b. A filter passes its own color and absorbs other colors. For instance, a red filter looks red
because of the red light coming through the filter. Green and blue objects look black through a red filter
because green light and blue light do not pass through a red filter.
c. Equal amounts of all three primary colors produce white, so white light is said to contain all
colors. Snow looks red when seen through a red filter because only the red portion of the white light
comes through the filter. The result of combining the primary colors in equal amounts is shown in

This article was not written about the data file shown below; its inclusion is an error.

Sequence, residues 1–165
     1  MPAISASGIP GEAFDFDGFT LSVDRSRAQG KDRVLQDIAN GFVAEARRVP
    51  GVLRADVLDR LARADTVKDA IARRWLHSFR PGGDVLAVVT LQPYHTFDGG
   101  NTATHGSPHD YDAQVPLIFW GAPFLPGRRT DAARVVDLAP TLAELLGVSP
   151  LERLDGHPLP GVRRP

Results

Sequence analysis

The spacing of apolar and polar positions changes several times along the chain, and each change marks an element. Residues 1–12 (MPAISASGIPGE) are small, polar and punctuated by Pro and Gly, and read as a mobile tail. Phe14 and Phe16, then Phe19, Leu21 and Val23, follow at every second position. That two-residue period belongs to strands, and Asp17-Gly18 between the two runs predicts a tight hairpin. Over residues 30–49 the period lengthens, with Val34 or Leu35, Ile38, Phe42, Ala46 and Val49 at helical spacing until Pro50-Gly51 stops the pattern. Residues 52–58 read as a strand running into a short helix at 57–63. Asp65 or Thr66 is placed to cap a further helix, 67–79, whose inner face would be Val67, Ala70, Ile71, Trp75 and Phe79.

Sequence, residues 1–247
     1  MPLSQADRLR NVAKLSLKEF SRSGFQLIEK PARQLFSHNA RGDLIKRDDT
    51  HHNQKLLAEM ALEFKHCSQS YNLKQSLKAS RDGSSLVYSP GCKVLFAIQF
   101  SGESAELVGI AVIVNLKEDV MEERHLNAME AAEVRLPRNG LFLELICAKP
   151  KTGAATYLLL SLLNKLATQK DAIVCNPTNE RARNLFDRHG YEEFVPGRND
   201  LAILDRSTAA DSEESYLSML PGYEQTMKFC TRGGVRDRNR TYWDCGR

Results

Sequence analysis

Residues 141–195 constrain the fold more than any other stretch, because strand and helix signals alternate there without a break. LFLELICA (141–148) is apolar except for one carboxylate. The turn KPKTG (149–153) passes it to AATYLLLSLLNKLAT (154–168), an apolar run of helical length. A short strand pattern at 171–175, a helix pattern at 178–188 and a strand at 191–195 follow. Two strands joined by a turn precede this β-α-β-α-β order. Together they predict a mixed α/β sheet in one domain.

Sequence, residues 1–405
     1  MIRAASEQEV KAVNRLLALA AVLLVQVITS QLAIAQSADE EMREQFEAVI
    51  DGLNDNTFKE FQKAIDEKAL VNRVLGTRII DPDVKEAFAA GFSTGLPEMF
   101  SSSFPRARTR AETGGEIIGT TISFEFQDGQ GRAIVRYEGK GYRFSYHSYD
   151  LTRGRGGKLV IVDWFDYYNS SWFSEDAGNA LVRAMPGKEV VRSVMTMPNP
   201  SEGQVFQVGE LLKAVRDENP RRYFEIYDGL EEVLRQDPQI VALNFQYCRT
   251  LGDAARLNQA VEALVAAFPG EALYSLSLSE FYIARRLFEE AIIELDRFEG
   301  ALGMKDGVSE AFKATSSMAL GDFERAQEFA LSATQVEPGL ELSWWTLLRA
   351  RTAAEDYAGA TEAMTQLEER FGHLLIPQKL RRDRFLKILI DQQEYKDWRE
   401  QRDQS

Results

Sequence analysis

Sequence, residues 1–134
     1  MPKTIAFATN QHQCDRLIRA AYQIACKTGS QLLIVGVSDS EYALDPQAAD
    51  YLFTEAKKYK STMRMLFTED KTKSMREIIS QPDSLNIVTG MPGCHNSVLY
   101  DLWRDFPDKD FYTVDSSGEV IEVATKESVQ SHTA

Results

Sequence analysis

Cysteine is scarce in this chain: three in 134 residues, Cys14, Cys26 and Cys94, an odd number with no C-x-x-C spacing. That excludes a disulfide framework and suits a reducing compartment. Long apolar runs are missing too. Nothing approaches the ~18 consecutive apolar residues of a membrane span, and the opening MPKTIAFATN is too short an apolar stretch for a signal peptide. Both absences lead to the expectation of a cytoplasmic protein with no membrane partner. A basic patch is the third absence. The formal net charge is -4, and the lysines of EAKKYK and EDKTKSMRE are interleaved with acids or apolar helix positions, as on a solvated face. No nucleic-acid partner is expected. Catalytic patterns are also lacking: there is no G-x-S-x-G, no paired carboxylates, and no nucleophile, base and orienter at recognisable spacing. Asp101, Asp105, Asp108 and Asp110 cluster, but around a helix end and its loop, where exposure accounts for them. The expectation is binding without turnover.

Figure 1-1. Combination of primary colors
d. Combining two primary colors in equal amounts produces a secondary color. Red and green
produce yellow, red and blue produce magenta (a reddish purple), and green and blue produce cyan (a
light greenish blue).
e. A filter of a secondary color will pass both the primary colors that make up the secondary
color and combine to produce the secondary color. For example, a yellow filter will pass red, green, and
yellow but will not pass blue (fig 1-2).
Figure 1-2. Effect of filter on color